What can't you do after a transplant?

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RytheStunner

Guest
Each center has a different set of guidelines, some stricter than others.

Some of the universal ones are no grapefruit, no raw sushi, no swimming in lakes or rivers. Alcohol is usually discouraged, but some people still drink in moderation and socially when they're a little further out.

The cat thing is a personal preference. If you're going to change its litter, it's probably wise to mask up. But there are several post-Tx patients who have pets. One that is usually discouraged is birds.

Undercooked meat is probably a given, since that's really not safe for anyone to consume.

Tattoos are discouraged because of the risk of infection, but I know people who have gotten tattoos after transplant. However, some doctors forbid it so strictly that they may mark you as non-compliant if you do.

I know Colombia-Presbyterian supposedly restricts any fresh fruit for like the first 6 months. That's the only center I've heard that does that though.

So I'd check with your center to see what guidelines THEY have for post-Tx care.
 

coltsfan715

New member
I was told no grapefruit, also a new one is pomegranate (in recent years) it interferes with medication (one of the transplant meds) absorption.

I was told you could have cats but it was specified that I not mess with the litter box.

I was also told to steer clear of birds and not to handle fish or fish food or anything like that. With fish I think they said it had to do with a type of bacteria that is common with fish or in their food or what not, so they didn't want me messing with it. Personally I had a cat when I had my transplant (we actually had 4 - my mom has them now cause I can't take care of them properly) and have gotten a dog since I had my transplant, so pets are doable with precautions.

For yardwork, my center recommends we avoid it if it is possible and if not that we wear a mask.

Tattoos also recommended against but not prohibited. Someone mentioned skydiving and personally I have gone skydiving since my transplant and did fine with it. My center/docs told me it was fine they were more concerned with the "what ifs" of my parachute not opening.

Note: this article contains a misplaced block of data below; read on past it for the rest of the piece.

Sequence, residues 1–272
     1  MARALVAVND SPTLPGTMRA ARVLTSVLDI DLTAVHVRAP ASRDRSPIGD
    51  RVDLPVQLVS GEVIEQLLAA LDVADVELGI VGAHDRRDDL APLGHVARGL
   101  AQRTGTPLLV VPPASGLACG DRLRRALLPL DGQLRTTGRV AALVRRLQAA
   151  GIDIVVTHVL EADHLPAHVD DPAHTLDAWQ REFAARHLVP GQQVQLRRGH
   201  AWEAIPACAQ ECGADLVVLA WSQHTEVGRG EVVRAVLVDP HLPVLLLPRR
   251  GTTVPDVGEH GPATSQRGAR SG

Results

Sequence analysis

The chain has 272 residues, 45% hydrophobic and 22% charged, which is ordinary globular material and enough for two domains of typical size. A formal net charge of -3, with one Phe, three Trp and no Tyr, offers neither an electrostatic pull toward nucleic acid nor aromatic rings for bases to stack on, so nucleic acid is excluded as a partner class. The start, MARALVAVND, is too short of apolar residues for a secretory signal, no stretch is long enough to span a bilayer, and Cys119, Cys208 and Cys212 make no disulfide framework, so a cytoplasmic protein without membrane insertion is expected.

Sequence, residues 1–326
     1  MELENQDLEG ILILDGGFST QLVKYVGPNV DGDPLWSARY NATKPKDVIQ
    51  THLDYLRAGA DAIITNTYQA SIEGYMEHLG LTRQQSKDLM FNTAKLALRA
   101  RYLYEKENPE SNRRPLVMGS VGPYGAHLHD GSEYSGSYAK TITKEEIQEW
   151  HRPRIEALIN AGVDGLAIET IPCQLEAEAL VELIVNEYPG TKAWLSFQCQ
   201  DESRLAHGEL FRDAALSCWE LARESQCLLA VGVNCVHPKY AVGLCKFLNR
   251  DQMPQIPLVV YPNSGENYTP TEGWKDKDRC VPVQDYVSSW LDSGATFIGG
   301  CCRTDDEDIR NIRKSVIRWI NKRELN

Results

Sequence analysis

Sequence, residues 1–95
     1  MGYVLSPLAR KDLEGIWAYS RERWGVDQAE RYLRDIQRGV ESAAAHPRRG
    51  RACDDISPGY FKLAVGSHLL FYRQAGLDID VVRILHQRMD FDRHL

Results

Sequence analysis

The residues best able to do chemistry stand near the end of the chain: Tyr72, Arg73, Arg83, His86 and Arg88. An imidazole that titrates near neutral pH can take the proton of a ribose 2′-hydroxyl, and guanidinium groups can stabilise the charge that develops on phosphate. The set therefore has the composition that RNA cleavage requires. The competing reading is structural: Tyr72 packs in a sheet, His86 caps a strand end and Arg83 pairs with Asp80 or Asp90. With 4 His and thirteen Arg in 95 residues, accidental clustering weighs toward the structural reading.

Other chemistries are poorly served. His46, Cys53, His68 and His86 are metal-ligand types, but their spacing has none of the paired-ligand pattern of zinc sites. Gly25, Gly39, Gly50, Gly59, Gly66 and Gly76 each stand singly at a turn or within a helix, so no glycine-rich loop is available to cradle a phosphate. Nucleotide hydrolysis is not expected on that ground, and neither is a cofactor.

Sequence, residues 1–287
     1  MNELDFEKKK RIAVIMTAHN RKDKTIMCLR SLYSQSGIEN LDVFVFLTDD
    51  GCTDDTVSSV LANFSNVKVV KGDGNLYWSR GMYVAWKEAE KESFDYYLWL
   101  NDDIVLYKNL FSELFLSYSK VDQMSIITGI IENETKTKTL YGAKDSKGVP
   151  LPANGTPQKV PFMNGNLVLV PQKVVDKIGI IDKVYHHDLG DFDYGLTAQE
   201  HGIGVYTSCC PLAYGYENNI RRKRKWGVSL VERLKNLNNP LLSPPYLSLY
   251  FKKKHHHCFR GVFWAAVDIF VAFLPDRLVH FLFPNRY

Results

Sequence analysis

I was also told about the well cooked meat, but now the centers stance on that is that clean cuts of meat don't necessarily need to be cooked well done. The meats that need to be cooked well done are things like sausage, ground beef and so on. They said that the meats that need to be cooked well are meat products that could or do contain meat that comes directly from the intestines/bowels or stomach of an animal. The bacteria in those regions are what we need to cook off, with clean cuts like a filet or t-bone the risk of those bacteria are minimal, so it isn't as imperative that the meat be cooked well done. I too prefer my steak med rare if not rare so I violated this one on a regular until they changed the rules <img src="i/expressions/face-icon-small-smile.gif" border="0">.

They also recommend that you wash your fruits and veggies for a minimum time frame and I know my center cautions against eating raw fruits and veggies out at restaurants because you don't quite know how well they clean them, but they do not swear them off completely.

Steering clear of sick people, and just for my own anxiety I stay away from places like the mall after Thanksgiving until after Christmas unless it is absolutely necessary. My docs also recommend that if you are going to travel that you do it at a time when the region you are going to is not experiencing anything like flu season. For instance don't go to another country during their flu season. Also don't take cruises during flu season if you can avoid it.

I have never been told the thing about oral sex or vomiting. They both make sense I guess, but have never had that mentioned to me. You will pretty much know within a short amount of time if you have issues swallowing or if anything muscle wise was damaged during the surgery. As for vomiting, I know now if I get sick with nausea and vomiting it isn't so much aspiration that is a concern as my becoming dehydrated and also my inability to take and hold down my meds. I usually end up in the hospital for fluids and to receive my medication via IV.

I find that, at least at my center, they go to extremes and tell you the things they don't want you doing, BUT if you approach them and ask to do things (even things on the don't do list) they will work with you to figure out a way to allow it unless it is a definite no can do. There are certain over the counter meds you can not take as well, like aleve and such. I still call sometimes before taking anything over the counter just to make sure it is okay to take. I have also been told that I can not take anything with a decongestant either, so I can take Allegra but NOT Allegra-D stuff like that. Those specifics are questions for the doc though.

Good luck.
 

mm21missoula

New member
i am on the double lung transplant list in seattle. i want to have a big party before i go for all the things you "cant" do. i know along with the cats, and litter boxes, no sushi too.
 

jenb

New member
i am on the double lung transplant list in seattle. i want to have a big party before i go for all the things you "cant" do. i know along with the cats, and litter boxes, no sushi too.
Congrats on being listed in Seattle. I received my lungs in April from UW. I love the tx team and all the docs, surgeons and nurses. I hope your wait is short. Best of luck.
 
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